Best walking route to take in Pompeii

It’s no surprise that one day in Pompeii is not enough time to see all the sites, but for many travellers, this might be your only chance to visit the ancient city. So, if you’ve decided to treat yourself with a day trip to this once bustling metropolis, you have a few options in terms of what route you should take to best make use of the time you have. A shorter track usually lasts for about two hours, or if you’re wanting a more comprehensive experience, a longer route will usually take around 6 hours to complete.

It’s good to note that there are two entrances to Pompeii, the main entrance is Porta Marina, which is the busier of the two, and then there’s the second entrance; Piazza Anfiteatro. The walking route that we’ve established will take you across the 10 must see attractions at Pompeii, which stretches around 3.4 kilometres. Follow this self guided walking route to enjoy your day at this archaeological wonder.

Basilica

Basilica, Pompeii

The route begins at the Basilica, which is closest to the Porta Marina entrance, so we suggest you start here. Dating back to the second century BC, its currently the oldest in existence and boasts impressive columns and structure, so it is easy to imagine the magnitude and significance of the site. This site was used to conduct business affairs and was the most important area in society, like how a stoa would be in Ancient Greece. Accessible by the Forum, it was the place in which legal matters were brought to justice and the walls were lined with marble, richly decorated to boast the importance of the building.

Forum

Next, we discover more of the Forum at Pompeii, the religious, cultural and societal hub for life in Ancient Pompeii. It was common for the residents of Pompeii to walk through this populous as it was a large central space that was imperative in the daily lives of the citizens. The entrance of the Forum was branded by two imposing imperial arches and the whole area was the foundation for temples, municipal offices and the Basilica. Originally, there were multiple statues that would have lined the Forum however after the earthquake in 62AD, it seems that they were not ever replaced.

House of the Tragic Poet

House of the Tragic Poet

This iconic house is a classic example of a typical Pompeii structure from the era. The house draws attention by a famed mosaic that lies at the entrance of the house; with the words ‘Beware of the Dog’ under it. The house is named after a fresco found on the property that depicts a poet reciting his verses. The house is centrally located across from the Forum suggesting that the owner held a significant amount of wealth.

House of the Faun

One of the grandest of houses in Pompeii, the House of the Faun took up an entire city block in Pompeii and takes its name from the statue of a dancing faun found in the entrance the house. Brilliant mosaics were found inside, the most famous of them was a depiction of a painting that reproduced the battle between Alexander and Darius in Issus. At the entrance you’ll come across a Latin inscription with the words “HAVE”, meaning welcome. The aristocratic house is important to scholars as it explains the housing style of the period better than other archaeological excavations because of the layout of the ruins which remains mostly intact today.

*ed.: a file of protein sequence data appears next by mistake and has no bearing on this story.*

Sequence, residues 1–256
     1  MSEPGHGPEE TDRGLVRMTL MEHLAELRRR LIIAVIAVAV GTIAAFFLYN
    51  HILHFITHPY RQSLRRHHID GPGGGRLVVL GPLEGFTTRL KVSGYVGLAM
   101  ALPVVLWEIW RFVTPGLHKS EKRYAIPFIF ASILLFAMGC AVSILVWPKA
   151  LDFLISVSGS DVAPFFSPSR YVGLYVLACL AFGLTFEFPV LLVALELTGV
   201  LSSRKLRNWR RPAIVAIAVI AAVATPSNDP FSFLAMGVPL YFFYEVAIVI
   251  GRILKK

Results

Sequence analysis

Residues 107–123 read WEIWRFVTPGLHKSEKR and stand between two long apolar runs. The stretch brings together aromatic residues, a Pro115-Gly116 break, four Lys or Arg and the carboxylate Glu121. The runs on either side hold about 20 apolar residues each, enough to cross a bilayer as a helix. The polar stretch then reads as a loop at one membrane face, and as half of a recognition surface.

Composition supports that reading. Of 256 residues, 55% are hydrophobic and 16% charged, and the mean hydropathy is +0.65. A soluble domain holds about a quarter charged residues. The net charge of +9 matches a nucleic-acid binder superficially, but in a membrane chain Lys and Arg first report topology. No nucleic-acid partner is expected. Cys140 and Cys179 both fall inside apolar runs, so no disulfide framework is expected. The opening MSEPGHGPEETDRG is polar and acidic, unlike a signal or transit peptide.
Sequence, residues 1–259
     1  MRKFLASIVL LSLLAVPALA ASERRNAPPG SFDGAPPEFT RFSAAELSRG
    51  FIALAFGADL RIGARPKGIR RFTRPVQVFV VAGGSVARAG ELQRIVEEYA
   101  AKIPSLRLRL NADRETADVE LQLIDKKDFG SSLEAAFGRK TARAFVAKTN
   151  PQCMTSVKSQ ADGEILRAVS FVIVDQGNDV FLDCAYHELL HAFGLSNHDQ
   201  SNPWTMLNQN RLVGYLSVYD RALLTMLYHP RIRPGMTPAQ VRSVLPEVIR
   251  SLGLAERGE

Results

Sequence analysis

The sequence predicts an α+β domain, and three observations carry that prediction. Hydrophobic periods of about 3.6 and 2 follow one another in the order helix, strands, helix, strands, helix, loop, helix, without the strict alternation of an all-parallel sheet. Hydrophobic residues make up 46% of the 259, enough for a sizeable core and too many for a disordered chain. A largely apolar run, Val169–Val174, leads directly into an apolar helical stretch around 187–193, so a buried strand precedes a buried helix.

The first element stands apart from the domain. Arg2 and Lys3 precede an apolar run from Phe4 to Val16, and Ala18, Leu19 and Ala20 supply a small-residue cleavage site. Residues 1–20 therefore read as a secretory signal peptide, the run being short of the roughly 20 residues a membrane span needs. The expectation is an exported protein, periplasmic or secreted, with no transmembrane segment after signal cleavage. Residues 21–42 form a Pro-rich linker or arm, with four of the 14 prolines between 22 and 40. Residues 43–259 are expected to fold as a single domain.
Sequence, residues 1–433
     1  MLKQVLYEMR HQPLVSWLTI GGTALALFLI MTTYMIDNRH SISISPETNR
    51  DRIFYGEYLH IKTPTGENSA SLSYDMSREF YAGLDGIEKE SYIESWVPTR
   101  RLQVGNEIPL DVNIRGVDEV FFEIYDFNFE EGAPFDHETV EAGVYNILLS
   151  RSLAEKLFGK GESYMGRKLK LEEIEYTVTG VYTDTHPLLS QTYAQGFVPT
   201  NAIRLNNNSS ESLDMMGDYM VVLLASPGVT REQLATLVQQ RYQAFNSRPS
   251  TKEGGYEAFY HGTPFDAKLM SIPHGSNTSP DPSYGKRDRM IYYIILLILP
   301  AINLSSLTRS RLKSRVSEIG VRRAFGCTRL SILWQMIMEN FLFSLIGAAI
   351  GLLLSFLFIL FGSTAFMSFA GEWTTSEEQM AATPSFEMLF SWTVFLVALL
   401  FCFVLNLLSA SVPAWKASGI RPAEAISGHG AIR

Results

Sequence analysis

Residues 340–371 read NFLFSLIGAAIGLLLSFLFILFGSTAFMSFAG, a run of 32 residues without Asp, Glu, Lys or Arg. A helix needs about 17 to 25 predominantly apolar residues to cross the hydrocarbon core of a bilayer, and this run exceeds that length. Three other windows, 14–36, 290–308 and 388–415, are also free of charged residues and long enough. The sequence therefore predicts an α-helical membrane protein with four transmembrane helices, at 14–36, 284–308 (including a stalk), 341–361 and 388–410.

House of Apollo

House of Apollo

The House of Apollo is next on the walking trail, named for the sculptures and frescoes of the God of Sun that was found in a back room of the house. Originally a two-storey building, much of the house has been destroyed as the ash from the eruption completely caved in the roof causing the building to collapse. Once richly decorated in mosaics and frescoes, during the major excavation of 1830 much of the scenery was lost, however there are still remnants of these artworks in some of the rooms of the house that can be viewed today.

Lupanar

The name of this building translated from Latin is “wolf’s den” and was one of twenty five brothels in the city. Its lewd advertising and graffiti from customers that marked the wall makes this an attraction that is popular among visitors due to its outlandish nature. It was the official brothel of the city and held several visitors during its prime from the city and outer neighbourhoods.

Stabian Baths

These public baths were a major part of Pompeii daily life for its citizens, and is located on Via Stabiana, in which its name derives. They are opulently decorated and encompasses a complex that also included an outside pool and a gymnasium. An important social hub for the citizens of Pompeii, men and women had separate bathing areas with the same type of rooms, however the men’s area was decidely more ornately decorated.

Great Theatre

The Large Theatre is divided into three main parts and was the home of plays and other forms of entertainment. It is based on a Greek architectural plan, using the natural terrain as its basis for construction, as opposed to the Roman way which is by starting with a man-made structure.

Amphitheatre

The oldest of its kind, the amphitheatre of Pompeii remained intact during the eruption of Vesuvius and gives a taste of the atmosphere that would have been felt at gladiatorial battles. It could seat about 20,000 spectators so attracted people from outside the city gates of Pompeii. This once resulted in a brawl at the amphitheatre with the result being a 10-year ban on games at the stadium placed by Emperor Nero.

Villa of Mysteries

The appeal of this villa in Pompeii resides in the dining room, where a fresco depicting a person being initiated into a cult of the God of wine; Dionysus lives. This illustrious villa was a farmhouse of sorts at the time of the eruption and boasts several rooms such as multiple kitchens, a grape pressing room, courtyards and altars.